Native Art Defies the Stereotype at Crisp-Ellert

By Danielle Filjon

Totem poles, feathers, and buffalo art, all stereotypical definitions of “native art”. These stereotypical ideas are what Native Art Department International (NADI) set out to change, that ‘Native art’ can be anything, and rise above its stereotypes of what we think of when considering the art of indigenous people.

With bright colors splashed upon jumpsuits, neon lights, and multimedia performance art, NADI challenges the viewer to change their perspective on the artist in relation to their art.

The NADI exhibition is produced and organized by Mercer Union, a center for contemporary art in Toronto, Canada, and features the husband-and-wife creative collaborative artist team Maria Hupfield and Jason Lujan.

Hupfield and Lujan setting up exhibit pieces for NADI.

Julie Dickover, the director of Flagler College’s Crisp-Ellert Art Museum (CEAM), is responsible for planning exhibits on campus and arranging their logistic. She has worked with each artist, Maria and Jason, as they did their artist residency on campus during this year.

“Jason and Maria have very active artistic practices where they exhibit their own work,” said Dickover. “But in 2016 they started making work together under the agent of Native Art Department International.”

The idea was rooted in taking on departmental and bureaucratic language to claim authority and expertise over ‘Native Art.’

“They are rejecting this essentialist and reductive view of art,” Dickover said. This is supposed to challenge our fixed idea of what indigenous art is. Instead of being confined to its traditional topics and mediums, it has a contemporary face as well.

Titled “Drink Bar For Two” by Maria Hupfield.
She had the project idea from Jason’s leftover sake bottles, and created it as a surprise for him.
Untitled. Neon sign and a print collaborated together by NADI from two separate artists.

“People expect a non-white artist to make art about racial topic, this pigeonholes them”, Dickover said, “Maria and Jason wanted to express art in their own rights and show that ‘Native’ art can be purely expressive.”

You can find large screens playing performance art across the wall from Japanese sake bottles illuminated by a pink bulb in the museum. There are also opportunities to read written works of what inspired the artists along the large wooden structure in the center of the exhibit.

Performance art by NADI titled “Everything Scared is Far Away”. Hupfield is seen in the center of the group.

The vibrant colors and textures of this gallery are certainly unique. “All of these objects had so much life around them,” Hupfield said during the Artist Talk in January.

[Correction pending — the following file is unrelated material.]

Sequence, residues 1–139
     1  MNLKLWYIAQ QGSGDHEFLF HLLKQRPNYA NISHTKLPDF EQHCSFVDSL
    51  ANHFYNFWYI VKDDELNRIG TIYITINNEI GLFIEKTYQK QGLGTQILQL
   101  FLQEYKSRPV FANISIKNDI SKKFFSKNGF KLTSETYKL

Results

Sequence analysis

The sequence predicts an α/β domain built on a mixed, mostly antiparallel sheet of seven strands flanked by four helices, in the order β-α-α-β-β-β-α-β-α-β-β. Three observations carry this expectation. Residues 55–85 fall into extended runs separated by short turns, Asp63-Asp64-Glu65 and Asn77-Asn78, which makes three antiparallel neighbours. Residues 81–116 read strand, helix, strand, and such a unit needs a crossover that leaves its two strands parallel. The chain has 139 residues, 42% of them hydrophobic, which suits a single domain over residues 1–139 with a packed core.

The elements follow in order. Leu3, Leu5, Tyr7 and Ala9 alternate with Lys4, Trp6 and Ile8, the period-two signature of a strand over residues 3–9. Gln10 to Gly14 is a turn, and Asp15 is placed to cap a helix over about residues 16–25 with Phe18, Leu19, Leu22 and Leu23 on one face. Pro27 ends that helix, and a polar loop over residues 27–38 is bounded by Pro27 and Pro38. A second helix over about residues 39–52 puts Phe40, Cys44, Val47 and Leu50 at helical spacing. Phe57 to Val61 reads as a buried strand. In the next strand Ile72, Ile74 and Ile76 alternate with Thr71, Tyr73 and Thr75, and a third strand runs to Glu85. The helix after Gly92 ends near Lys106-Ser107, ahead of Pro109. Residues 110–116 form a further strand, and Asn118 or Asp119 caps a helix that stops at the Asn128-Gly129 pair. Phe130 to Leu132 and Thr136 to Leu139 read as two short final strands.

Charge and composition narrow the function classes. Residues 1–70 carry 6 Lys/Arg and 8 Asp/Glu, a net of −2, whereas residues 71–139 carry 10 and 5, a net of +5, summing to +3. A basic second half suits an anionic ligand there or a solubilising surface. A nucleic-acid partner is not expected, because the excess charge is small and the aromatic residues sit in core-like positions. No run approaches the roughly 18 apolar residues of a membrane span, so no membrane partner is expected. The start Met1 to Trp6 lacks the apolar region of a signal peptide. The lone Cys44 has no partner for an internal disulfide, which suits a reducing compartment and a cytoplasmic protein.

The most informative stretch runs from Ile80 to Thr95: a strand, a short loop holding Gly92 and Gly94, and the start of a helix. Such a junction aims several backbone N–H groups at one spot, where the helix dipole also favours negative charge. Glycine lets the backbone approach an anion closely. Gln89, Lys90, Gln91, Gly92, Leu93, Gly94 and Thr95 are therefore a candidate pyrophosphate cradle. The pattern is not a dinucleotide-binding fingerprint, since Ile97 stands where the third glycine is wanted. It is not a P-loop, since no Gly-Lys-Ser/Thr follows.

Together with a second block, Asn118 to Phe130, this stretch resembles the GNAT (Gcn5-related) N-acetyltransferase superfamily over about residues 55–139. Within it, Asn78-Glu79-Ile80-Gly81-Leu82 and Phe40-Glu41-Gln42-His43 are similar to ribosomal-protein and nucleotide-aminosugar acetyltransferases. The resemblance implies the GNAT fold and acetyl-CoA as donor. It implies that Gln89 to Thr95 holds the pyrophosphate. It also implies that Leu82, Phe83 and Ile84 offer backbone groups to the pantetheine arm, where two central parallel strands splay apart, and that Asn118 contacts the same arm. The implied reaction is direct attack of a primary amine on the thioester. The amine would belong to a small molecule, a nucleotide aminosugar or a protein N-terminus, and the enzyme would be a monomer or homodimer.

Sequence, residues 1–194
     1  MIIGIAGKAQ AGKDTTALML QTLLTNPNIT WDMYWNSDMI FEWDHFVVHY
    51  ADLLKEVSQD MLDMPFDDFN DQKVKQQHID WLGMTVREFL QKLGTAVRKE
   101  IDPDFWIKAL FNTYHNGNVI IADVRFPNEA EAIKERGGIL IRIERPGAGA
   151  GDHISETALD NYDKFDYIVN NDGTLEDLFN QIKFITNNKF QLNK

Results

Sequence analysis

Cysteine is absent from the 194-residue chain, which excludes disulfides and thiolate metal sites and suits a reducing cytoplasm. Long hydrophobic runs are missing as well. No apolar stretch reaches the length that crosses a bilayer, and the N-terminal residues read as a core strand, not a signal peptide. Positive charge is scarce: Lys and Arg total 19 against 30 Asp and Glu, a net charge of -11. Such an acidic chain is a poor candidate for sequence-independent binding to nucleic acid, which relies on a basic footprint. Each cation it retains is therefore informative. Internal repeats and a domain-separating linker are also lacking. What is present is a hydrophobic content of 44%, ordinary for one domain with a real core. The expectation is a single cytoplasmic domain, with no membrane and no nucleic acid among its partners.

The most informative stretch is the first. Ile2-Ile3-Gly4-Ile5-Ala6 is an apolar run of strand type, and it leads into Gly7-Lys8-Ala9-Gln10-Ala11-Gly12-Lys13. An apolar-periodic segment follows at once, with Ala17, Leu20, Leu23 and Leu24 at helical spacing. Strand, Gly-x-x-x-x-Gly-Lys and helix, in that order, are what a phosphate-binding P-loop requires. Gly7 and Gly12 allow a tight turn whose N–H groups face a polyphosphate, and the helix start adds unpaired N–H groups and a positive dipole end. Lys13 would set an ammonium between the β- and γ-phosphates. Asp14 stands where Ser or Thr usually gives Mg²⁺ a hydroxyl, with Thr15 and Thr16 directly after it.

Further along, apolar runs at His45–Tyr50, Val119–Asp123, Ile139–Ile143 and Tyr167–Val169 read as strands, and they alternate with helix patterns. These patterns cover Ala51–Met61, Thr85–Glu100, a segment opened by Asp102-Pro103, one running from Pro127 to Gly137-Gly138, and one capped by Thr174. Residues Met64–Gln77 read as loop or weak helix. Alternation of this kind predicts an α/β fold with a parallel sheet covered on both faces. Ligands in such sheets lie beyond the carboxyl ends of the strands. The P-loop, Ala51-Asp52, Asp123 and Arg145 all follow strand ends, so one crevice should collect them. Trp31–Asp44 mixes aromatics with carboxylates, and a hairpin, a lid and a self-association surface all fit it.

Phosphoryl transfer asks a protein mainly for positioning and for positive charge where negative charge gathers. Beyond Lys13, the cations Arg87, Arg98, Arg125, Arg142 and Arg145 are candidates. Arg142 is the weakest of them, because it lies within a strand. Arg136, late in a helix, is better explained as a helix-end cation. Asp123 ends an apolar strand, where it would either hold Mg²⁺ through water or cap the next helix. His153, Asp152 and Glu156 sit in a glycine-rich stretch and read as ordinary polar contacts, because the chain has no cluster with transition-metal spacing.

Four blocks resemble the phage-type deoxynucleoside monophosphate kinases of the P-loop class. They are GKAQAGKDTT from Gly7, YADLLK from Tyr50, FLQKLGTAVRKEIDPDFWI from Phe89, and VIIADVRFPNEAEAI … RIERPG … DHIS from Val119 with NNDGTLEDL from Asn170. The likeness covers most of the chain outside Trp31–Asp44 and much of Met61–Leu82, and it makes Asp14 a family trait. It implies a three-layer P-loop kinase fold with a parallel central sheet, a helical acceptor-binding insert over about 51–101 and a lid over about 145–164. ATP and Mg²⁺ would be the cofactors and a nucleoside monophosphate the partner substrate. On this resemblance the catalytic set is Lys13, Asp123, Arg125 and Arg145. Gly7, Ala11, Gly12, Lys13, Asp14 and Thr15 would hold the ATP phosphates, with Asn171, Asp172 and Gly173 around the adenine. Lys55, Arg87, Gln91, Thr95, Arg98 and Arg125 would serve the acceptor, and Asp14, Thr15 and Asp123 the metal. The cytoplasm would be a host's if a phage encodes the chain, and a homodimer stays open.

“By leaving the walls unfinished we can see through them, changing the viewing experience,” said Hupfield. This lets the art takes center stage.

View of the exhibit at Crisp-Ellert.

Julia Paoli, a curator from Mercer Union in Toronto, says in her Curator Talk that the institution’s work “unfolds across a series of events and commissions…and allows commitment to long-term engagement and collaboration” with the artists.

Paoli said that she was “interested in NADI’s tongue-and-cheek approach for urgent institutional upending and wanted to think alongside and together with them about the structures of institutions themselves.”

“Just by virtue of participating in the art world, these artists uplift indigenous creators”, said Discover, as she motioned to this colorful roadblock piece, titled “Barricade”.

Maria Hupfield and Jason Lujan are separate artists in their own right, but have come together across different mediums to create NADI.

“I like it when I walk into an exhibit and I can’t tell where the art starts and begins, sort of assimilating into the room,” Lujan said in an Artist Talk at CEAM.

NADI’s traveling exhibition is in its third iteration at Crisp-Ellert after appearing at Mercer Union, with many of its original structures changing and morphing to highlight new facets of the exhibit with every installation. Hupfield and Lujan constantly explore how they can adapt a space to engage with a viewer.

A piece that requires interaction from the viewer, titled “Sovereign Empires”
The painted wall was accomplished by projecting the exact installation from Mercer Union onto the CEAM wall, and painting over that.

The artists in NADI defy the stereotype of traditional ideas concerning ‘Native art’ and what that should look like, while embracing their craft in its full expression.

“There should be no separation of making art and living art”, Lujan said. “Building into the gallery experience we are reflecting that.”

Art/Photo Credits:

Native Art Department International: Bureau of Aesthetics, Crisp-Ellert Art Museum, Janaury 22 – April 16, 2021. Courtesy of the Artists.

Photo credit: Monarch Studio, St. Augustine, FL.

Bureau of Aesthetics was produced and organized by Mercer Union, Toronto, and guest curated by Julia Paoli.

Additional Links:

Jan 22 Curator Talk with Julia Paoli:

Feb 11 Art Talk with Maria Hupfield and Jason Lujan:

Link to a Virtual Walkthrough of the exhibit: .

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